Losing Its Grip
"Cracks in the Wall: China’s Eroding Coercive State" by Murray Scot Tanner, in Current History (Sept. 2001), 4225 Main St., Philadelphia, Pa. 19127.
Ever since the 1989 protests in Tiananmen Square, China’s rulers have worked hard to suppress dissent, and with the possible exception of the Falun Gong, these efforts have largely succeeded. But Tanner, a professor of Chinese and East Asian politics at Western Michigan University, sees "signs of erosion" in China’s internal security strategy. Beijing’s control over Chinese society is slipping, "perhaps irreversibly."
"In contrast to the widespread Western image of a highly centralized KGB-style ‘police state,’ " Tanner says, China’s security system "is far more decentralized and dependent on active social support than most Westerners suppose." Decentralization leaves the system open to trouble: Security officers are "overwhelmingly recruited locally and have strong social and economic links to their local societies." They are often torn between allegiances to family and friends on the one hand, and loyalty to the state on the other.
The security system, Tanner argues, also suffers from an overreliance on the volunteer work of nonprofessional citizen security activists. China’s surprisingly low ratio of professional police to citizens (1.4 million public security officers police 1.3 billion citizens) and the enormous size of the country make the involvement of neighborhood, village, and workplace citizen security committees "absolutely indispensable." But the dedication of these volunteer security activists is likely to be undermined by the massive social and economic changes China is undergoing. Newfound social mobility, massive layoffs, a rise in social inequality, heavy tax burdens, and rising crime rates all make it more difficult to secure the loyalty of volunteer activists.
These same forces are also causing a "dramatic increase in unrest." One analyst counted 100,000 "large-scale protests involving hundreds of people" between 1997 and 2000. Even the Communist Party has admitted that protests are growing in number, size, and effectiveness. Protesters are also resorting to more violent methods: Attacks on party and government buildings and kidnappings of law enforcement officials and citizen security activists are on the rise.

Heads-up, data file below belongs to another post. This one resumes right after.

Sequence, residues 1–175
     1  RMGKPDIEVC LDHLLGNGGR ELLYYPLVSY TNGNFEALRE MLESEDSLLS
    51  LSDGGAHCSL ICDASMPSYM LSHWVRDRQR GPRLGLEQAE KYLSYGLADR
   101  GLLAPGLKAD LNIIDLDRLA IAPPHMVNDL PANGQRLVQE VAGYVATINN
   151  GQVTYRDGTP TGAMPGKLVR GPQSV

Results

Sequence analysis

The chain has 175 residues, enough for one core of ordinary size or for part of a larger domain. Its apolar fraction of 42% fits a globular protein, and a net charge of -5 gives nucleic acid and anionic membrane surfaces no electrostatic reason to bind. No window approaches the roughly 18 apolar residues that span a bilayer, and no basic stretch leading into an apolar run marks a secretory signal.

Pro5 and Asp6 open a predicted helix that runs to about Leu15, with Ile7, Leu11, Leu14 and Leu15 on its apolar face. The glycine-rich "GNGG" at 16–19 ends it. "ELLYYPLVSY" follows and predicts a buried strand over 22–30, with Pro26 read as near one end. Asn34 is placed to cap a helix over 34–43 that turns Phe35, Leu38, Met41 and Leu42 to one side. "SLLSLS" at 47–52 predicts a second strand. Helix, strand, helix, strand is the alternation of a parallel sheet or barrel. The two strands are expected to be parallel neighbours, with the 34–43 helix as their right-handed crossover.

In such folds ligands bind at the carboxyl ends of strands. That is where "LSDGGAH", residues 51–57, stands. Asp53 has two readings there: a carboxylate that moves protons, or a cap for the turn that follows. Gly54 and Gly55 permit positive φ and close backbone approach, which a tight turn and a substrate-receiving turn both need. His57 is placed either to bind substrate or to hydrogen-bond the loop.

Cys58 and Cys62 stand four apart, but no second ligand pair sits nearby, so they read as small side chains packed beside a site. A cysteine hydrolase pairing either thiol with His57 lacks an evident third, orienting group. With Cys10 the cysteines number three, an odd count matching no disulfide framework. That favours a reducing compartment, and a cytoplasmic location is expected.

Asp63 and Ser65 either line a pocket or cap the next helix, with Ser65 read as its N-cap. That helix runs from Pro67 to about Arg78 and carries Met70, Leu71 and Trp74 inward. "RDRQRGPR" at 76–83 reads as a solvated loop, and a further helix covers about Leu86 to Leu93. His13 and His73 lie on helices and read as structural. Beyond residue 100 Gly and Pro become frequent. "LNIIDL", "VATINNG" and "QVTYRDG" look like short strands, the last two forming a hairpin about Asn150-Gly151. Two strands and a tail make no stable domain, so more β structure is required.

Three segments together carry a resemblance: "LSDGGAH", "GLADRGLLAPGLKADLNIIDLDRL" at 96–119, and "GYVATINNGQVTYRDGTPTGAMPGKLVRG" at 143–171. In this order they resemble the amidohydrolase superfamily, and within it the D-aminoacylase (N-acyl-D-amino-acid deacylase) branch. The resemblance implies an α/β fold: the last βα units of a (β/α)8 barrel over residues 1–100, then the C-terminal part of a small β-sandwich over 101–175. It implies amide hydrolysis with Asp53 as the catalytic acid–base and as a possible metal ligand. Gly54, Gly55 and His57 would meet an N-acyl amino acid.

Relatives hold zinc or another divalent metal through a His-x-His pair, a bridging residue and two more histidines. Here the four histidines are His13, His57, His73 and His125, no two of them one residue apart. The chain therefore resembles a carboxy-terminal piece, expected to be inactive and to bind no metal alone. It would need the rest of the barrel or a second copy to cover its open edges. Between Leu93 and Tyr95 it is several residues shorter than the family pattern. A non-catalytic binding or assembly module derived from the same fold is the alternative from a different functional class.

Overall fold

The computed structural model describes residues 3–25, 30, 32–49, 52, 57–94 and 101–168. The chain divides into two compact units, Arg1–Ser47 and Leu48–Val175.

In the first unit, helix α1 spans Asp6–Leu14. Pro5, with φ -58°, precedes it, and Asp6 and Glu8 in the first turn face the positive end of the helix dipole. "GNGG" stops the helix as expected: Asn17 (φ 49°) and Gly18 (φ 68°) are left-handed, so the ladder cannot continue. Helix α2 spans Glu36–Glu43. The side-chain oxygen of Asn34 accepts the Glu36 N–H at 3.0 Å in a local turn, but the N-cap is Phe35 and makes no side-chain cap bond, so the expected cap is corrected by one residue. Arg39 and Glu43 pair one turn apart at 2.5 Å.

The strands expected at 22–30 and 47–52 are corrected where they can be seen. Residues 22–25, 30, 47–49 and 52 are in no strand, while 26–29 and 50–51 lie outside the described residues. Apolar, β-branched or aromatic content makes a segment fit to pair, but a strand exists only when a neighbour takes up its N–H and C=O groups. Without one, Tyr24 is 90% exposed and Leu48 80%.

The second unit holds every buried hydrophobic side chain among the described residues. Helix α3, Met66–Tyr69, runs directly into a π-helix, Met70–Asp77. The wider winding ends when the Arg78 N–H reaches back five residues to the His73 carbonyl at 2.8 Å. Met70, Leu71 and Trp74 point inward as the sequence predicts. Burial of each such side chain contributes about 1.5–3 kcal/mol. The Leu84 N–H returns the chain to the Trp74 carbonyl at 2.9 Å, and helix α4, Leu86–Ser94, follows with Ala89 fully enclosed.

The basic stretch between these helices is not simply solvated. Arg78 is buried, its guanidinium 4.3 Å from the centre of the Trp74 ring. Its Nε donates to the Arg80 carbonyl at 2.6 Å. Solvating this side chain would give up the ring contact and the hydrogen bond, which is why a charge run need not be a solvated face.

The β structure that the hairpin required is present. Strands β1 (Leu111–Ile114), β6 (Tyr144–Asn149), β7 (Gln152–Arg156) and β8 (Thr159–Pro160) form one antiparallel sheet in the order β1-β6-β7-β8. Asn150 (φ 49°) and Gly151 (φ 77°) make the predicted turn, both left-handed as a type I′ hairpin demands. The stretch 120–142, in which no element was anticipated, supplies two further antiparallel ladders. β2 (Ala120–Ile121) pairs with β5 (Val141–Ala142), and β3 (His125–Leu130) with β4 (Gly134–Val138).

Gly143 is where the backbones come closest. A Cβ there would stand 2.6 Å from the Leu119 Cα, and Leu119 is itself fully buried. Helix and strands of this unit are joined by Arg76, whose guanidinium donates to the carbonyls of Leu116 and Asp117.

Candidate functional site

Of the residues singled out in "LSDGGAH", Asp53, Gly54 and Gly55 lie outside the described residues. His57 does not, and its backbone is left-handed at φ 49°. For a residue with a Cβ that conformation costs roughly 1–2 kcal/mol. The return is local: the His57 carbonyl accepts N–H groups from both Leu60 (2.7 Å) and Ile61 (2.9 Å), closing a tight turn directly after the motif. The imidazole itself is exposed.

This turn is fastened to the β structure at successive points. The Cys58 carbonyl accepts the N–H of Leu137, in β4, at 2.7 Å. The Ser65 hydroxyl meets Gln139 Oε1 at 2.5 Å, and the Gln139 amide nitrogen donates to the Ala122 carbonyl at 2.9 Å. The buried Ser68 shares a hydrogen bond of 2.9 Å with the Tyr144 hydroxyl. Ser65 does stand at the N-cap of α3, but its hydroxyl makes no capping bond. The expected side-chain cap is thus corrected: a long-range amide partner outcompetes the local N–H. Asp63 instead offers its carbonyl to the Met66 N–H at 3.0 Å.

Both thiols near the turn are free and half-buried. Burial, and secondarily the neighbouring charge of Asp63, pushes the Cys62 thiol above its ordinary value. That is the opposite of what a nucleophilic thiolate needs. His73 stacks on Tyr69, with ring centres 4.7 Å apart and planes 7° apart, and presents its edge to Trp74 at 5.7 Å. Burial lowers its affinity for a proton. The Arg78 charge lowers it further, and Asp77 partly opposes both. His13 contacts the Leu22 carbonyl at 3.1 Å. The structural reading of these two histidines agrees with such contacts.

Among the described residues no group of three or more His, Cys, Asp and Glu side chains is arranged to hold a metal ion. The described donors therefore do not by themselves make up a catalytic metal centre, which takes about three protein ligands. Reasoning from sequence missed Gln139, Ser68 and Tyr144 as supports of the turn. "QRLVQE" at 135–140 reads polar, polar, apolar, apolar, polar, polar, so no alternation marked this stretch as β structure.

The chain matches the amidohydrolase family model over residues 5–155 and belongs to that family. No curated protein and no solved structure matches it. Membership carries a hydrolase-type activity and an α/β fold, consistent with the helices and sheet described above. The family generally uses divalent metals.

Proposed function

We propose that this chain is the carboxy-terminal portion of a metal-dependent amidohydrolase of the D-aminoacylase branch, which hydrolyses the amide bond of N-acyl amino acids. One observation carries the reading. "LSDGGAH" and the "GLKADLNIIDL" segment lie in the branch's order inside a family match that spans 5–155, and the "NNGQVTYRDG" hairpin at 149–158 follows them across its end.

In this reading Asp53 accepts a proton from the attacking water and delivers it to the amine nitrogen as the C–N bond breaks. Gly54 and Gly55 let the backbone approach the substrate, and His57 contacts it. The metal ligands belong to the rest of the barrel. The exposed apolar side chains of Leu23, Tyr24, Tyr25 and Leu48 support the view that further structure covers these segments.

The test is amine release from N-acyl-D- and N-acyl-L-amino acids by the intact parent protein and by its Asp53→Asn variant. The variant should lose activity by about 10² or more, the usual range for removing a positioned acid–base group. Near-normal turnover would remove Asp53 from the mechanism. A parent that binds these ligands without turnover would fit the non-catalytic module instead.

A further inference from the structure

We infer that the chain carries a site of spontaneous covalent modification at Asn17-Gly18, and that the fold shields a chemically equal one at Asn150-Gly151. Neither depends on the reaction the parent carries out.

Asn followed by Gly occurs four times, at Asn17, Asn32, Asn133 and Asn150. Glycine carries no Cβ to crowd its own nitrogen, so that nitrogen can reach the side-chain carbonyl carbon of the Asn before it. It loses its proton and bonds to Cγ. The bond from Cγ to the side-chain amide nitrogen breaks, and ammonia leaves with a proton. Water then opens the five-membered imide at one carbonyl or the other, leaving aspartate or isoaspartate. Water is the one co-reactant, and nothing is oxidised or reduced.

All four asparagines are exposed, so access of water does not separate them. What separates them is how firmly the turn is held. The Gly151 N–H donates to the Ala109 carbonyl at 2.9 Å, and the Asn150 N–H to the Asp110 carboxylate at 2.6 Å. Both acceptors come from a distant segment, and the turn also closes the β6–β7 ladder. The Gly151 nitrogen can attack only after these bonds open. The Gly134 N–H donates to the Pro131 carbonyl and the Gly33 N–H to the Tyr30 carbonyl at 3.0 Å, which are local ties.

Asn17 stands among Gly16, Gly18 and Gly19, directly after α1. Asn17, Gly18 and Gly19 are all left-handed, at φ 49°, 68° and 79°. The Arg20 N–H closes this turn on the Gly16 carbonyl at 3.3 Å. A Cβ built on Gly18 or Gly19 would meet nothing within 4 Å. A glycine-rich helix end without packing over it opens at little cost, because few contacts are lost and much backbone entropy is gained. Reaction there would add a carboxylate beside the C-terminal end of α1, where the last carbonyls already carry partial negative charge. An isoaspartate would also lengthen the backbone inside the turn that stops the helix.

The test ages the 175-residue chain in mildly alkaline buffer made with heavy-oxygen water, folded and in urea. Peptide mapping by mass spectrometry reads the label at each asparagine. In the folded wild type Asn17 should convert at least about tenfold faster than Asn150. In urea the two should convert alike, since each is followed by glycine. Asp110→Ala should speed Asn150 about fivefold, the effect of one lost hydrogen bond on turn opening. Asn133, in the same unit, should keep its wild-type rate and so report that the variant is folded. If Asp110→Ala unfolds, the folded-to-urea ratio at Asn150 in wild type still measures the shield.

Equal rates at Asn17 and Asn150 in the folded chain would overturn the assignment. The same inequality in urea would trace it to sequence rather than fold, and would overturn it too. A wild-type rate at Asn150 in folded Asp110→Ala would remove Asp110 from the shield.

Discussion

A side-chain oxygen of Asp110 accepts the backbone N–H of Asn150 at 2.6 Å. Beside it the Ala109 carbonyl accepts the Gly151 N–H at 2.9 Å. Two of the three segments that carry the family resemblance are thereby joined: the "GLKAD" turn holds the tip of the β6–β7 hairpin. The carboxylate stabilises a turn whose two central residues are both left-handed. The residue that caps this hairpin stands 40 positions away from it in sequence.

The response by China’s security forces has been "inept," says Tanner. The police and army "have not received sufficient training or equipment to contain crowds with minimal violence," and have been known to fire on unarmed crowds. Their blunders have reportedly turned peaceful demonstrations into riots and often have "heightened, rather than defused, social tensions." The system, moreover, is corrupt: Decentralization has encouraged local officials "to treat police as their private enforcement brigades."
Key aspects of the nation’s security system have been effective, however: "Twelve years after Tiananmen, China still has no nationwide or even regional independent political parties, labor unions, or intellectual, student, or peasant organizations that could train and raise a credible non-party ‘counterelite.’" Yet as the system that holds these democratic forces in check crumbles, Tanner notes, China’s critics must beware: Without some kind of effective law enforcement, the prospects for a transition to a stable democratic government are dimmed.
Genocide in the Outback?
"The Fabrication of Aboriginal History" by Keith Windschuttle, in The New Criterion (Sept. 2001), 850 Seventh Ave., New York, N.Y. 10019.
When Kathy Freeman, an Australian monies of the 2000 Sydney Olympics, it Aboriginal sprinter, was chosen to carry the was widely viewed as a sign that Australians Olympic torch during the opening cere-were finally coming to terms with a sordid
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